In an early sequence, the Israeli operatives are following a Palestinian translator and poet living in Rome, who is on their list. We watch them watching him as he goes into a small corner store and buys some groceries. There’s a small TV playing. Presently, the man leaves the store and is murdered.

You wouldn’t know it because the TV is in fact so small, but the film that’s shown is The Man Who Shot Liberty Valance (1962), one of Ford’s profound meditations on violence, its costs and its arguable necessity. I believe it’s my favorite movie-in-movie in all of Spielberg.

‘Beast with a Gun,’ ‘Detroit 9000’ and ‘Dirty Mary Crazy Larry ‘ in ‘Jackie Brown’

Quentin Tarantino’s Jackie Brown isn’t a very good movie, but it’s interesting, which is not nothing. Re-watching the 1997 film — an adaptation of Elmore Leonard’s novel Rum Punch — on HBO Max, I was struck, first, by how self-indulgent Tarantino is and, second, how he carries self-indulgence off better than most. Much of the film’s two hour and thirty-four-minute running time is occupied by Tarantino sticking a camera in front of two or three of his formidable cast (Pam Grier, Robert Forster, Samuel L. Jackson, Bridget Fonda, Michael Keaton, Robert De Niro), and then not turning it off for a long time. Far from being boring, the long takes usually foment a kind of fascination.

The thing I found most interesting about the movie was how, despite being set in the mid-’90s present tense, it is firmly planted in the 1970s. That applies to the soundtrack, which kicks off with Bobby Womack’s rousing “Across 110th Street” and includes a couple of great Philadelphia soul tunes from the Delfonics, “Didn’t I (Blow Your Mind This Time)” and “La-la Means I Love You.” The characters played by Grier and Forster actually bond over the Delfonics, and another feature of the film is how Tarantino’s camera lingers over the interesting faces of those two ’70s icons, neither in the first bloom of youth.

The other really ’70s thing about Jackie Brown is the movies-in-movie aspect. Jackson plays a two-bit gun smuggler named Ordell Robbie and Fonda his surfer-girl girlfriend. At one point Ordell walks in on her smoking a bong:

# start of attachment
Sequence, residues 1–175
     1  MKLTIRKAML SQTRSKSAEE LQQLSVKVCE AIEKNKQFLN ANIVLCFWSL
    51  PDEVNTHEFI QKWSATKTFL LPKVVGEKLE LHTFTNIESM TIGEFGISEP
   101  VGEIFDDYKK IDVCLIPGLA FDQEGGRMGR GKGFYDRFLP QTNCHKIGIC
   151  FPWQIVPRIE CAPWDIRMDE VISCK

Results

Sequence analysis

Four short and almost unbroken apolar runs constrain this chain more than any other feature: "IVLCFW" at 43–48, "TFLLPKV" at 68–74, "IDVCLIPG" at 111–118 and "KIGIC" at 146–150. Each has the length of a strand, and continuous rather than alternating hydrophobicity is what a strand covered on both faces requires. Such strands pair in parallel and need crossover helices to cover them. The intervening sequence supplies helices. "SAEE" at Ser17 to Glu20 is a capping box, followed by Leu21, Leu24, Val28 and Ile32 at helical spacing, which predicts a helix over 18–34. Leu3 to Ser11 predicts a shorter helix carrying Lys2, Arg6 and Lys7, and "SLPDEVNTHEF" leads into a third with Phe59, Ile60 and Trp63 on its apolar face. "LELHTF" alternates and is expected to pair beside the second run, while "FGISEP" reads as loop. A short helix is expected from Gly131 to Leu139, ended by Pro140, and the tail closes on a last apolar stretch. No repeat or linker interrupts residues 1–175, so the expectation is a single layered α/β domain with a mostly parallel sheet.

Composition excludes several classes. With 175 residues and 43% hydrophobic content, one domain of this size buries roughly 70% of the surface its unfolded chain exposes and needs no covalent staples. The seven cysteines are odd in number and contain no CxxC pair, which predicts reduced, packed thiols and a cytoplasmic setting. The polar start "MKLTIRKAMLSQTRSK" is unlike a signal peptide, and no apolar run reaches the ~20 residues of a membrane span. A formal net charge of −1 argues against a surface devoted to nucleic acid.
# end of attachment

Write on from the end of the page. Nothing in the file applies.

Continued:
Ordell: Goddamn girl, you gettin’ high already? It’s just 2 o’clock!

Melanie: [chuckling] It’s that late?

Ordell: You know you smoke too much of that shit, that shit gonna rob you of your own ambition.

Melanie: Not if your ambition is to get high and watch TV.

Indeed, the TV is always on in the apartment, and what do you know, it’s tuned to a channel whose continuous fare, somehow, is 1970s grindhouse flicks. The first we glimpse is Beast with a Gun (1977). IMDB’s plot summary: “In Italy, escaped sadistic killer Nanni Vitali and his henchmen terrorize the populace and seek revenge against those responsible for Vitali’s incarceration.”

And right, Helmut Berger it is.

Later, Jackie Brown (Grier), in a red dress, walks by the TV as it’s playing Detroit 9000, a 1973 blaxploitation flick which Tarantrino likes so much he sponsored its reissue on DVD a few years back.

The most delicious moment is Fonda watching Dirty Mary Crazy Larry (1973). How come? Well, it stars her dad, Peter — shown here with Susan George, kind of a ’70s icon herself.

‘Snow White’ (and a lot more) in ‘Gremlins’

If asked to name to the most movie-conscious movie, I probably wouldn’t select Gremlins. But Joe Dante’s 1984 horror-comedy belongs in the discussion.

The film’s best-known movie-in-movie scene occurs when the apparently cute, but actually viciously destructive, title creatures have taken over the local cinema. Initially, there’s some trouble in the projection booth, but that gets sorted out.

The movie the gremlins are watching, of course, is Snow White and the Seven Dwarfs (1937). It’s a knowing choice, showing the striking transition in animated sidekicks from Disney’s lovable dwarfs to Dante’s disgusting critters. But gross as they are, they’re also — in their rapt involvement with what they’re watching — the sort of audience a director can only dream of.

And if you think it’s odd that a 1937 movie should be on offer in an early ’80s cinema, you shouldn’t: Disney re-released Snow White in the Christmas season roughly every decade, the last time in 1983. Gremlins is a Christmas movie as well (though it was rushed to a June release, apparently so that its studio could have some blockbuster competition against Ghostbusters and the second Indiana Jones movie). It has lots of nods to the ultimate Christmas movie, It’s a Wonderful Life, including the fact that the main character, Billy (Zack Galligan), works in a bank, and both the look and the name (the Bedford Falls-sounding Kingston Falls) of the town where it’s set.

An early movie-in-movie scene is a more explicit shout-out to Frank Capra’s classic. Billy and his mother (Frances Lee McCain) are in the family kitchen.

I love it that she doesn’t have the sound on: at this point,Wonderful Life is so familiar that it’s really not necessary. And is she crying at the ending of the movie (which would be happy tears, not sad ones, right?), or from the big pile of onions she’s just chopped?

Here are the other movies in the movie, in no particular order. I find all but one of them clever and fun.

Billy and Gizmo, the Mogwai who inadvertently spawned the gremlins, watch Invasion of the Body Snatchers (1956) on TV. The parallels are obvious.

Playing in the classroom of the high school science teacher (Glynn Turman) is Hemo the Magnificent, a 1956 documentary about the circulatory system directed by none other than Frank Capra.